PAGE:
The Robo Threat and Opportunity

It's foolish to dismiss robo-advisers as a passing fad akin to the day-traders of the late 1990s. Robos offer a legitimate and valuable service, which will ultimately have three profound impacts in the industry.

First, they will put severe pressure on investment management fees. For 25 basis points or less, these firms deliver well-researched investment services void of emotional mistakes. Robos are setting a new standard that says quality investment management (at least the passive kind) is a commodity and available at a commodity price.

Second, robos highlight the fact that investors typically overpay for investment management and underpay for quality advice. The traditional 1 percent fee for an RIA to manage money is far out of line with what a robo charges. Eventually, clients will see the difference and demand greater investment management value.

Third, robos will force real advisers to step up their game or risk extinction. Visionary advisers understand the real value they deliver is in non-investment advice. The traditional 1 percent fee really breaks down like this—25 basis points for investment management and 75 basis points for advice. The problem here, though, is two-fold. Consumers are accustomed to paying for money management services while advice is “thrown in” as needed. And advisers have no value proposition to justify charging 75 basis points for advice.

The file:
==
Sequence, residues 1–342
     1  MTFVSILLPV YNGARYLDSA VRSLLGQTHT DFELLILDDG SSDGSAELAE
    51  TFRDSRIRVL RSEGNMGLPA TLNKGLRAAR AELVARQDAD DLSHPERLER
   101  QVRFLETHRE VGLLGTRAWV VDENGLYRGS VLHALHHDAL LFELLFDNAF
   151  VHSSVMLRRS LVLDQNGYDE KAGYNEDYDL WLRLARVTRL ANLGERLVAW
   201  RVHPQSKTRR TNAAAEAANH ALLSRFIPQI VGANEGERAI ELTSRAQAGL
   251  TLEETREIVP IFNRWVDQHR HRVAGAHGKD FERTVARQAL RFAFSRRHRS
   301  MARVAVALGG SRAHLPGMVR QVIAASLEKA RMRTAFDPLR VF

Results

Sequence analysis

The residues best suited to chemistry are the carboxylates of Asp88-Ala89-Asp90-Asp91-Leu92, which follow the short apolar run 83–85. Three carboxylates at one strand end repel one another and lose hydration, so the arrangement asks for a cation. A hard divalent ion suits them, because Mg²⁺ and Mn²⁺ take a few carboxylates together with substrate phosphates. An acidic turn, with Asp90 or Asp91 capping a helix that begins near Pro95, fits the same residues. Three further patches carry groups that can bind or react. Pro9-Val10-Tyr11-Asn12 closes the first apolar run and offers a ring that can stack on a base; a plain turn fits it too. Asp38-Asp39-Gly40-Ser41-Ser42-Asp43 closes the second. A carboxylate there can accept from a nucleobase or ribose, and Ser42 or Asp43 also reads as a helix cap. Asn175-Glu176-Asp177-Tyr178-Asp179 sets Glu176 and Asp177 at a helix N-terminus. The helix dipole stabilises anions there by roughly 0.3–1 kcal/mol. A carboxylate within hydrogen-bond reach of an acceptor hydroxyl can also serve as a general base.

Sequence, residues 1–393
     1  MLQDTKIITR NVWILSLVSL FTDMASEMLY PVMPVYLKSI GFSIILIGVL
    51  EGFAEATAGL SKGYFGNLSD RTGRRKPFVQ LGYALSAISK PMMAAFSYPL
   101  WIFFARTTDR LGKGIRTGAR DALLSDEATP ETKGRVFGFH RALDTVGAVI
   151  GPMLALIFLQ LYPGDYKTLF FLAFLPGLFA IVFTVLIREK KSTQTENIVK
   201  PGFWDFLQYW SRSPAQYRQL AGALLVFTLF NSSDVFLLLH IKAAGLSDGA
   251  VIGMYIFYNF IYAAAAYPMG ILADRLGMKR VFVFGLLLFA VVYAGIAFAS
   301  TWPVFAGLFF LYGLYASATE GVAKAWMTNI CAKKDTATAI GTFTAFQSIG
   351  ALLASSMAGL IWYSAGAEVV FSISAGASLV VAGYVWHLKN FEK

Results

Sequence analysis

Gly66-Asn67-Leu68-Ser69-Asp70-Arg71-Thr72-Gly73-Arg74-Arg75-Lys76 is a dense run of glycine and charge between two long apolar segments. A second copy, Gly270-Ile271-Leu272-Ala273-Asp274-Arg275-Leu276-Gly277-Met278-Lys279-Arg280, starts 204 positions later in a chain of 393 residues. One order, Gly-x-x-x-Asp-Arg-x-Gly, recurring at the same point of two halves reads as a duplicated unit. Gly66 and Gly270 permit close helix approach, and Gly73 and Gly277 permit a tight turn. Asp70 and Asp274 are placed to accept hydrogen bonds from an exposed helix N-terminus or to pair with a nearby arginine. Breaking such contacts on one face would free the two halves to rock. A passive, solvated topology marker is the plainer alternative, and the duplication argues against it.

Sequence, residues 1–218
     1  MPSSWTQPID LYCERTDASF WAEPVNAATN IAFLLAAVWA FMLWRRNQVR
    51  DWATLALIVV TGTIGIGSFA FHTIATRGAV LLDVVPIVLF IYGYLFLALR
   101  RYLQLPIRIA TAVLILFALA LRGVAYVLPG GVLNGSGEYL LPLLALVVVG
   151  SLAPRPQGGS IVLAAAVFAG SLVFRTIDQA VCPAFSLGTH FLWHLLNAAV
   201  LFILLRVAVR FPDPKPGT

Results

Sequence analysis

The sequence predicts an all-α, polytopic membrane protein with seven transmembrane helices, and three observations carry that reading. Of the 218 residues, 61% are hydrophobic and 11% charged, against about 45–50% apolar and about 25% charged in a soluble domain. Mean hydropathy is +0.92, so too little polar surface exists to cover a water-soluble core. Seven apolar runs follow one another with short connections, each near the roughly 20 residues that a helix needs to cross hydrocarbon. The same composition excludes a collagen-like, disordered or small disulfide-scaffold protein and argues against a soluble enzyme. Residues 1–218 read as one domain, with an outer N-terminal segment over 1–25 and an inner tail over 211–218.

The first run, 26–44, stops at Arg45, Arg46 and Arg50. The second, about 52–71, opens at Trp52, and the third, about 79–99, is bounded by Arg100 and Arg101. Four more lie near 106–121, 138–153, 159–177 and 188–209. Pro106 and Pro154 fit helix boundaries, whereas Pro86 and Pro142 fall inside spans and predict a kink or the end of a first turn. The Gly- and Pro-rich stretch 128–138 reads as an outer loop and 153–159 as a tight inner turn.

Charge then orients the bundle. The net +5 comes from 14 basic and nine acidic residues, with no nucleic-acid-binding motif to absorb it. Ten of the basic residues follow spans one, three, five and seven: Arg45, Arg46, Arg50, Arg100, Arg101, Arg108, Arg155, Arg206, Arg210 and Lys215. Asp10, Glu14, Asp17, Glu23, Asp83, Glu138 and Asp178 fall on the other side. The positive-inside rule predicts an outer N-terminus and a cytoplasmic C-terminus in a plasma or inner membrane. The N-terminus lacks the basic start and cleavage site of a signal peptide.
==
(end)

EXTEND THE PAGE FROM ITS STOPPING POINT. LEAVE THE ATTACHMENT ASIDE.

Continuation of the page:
The opportunity for visionary advisers lies in creating a true “real person” advice offering with demonstrable benefits coupled with the ease and simplicity of a robo.

Simply charging 1 percent for managing money with ad-hoc advice thrown in is not a long-term sustainable business model. The robos and the visionary real advisors will eat you alive.

What to Do

Robo-advisers are technology firms that happen to offer investment management services. Real advisers are person-to-person financial advice givers who happen to use technology. Those of you who want to excel going forward will be both.

Do these two things:

1. Upgrade your technology so you can offer an online user experience that makes Gen-X and Millennial investors feel at home. And by all means, explore partnering with robos rather than reinvent the wheel.

2. Develop an advice offering that is unquestionably worth 75 basis points a year. While many advisers claim to offer advice, few have a systematic process in place that clients would happily pay 75 basis points a year to experience.

Deep down, you know that the value of advice, the impact of advice, is much greater to your clients than trying to eke out an extra 50 basis points of investment return.

So, match what robos can do on the investment side, then put your effort into delivering real advice that clearly, straightforwardly, and unquestionably moves your clients toward a state of financial independence, meaning, and happiness.

Steve Sanduski is a New York Times bestselling author and president of Belay Adviser. His firm designs, builds and delivers comprehensive solutions for financial companies that want to make a profound impact in people's lives. Follow him on Twitter @SteveSanduski.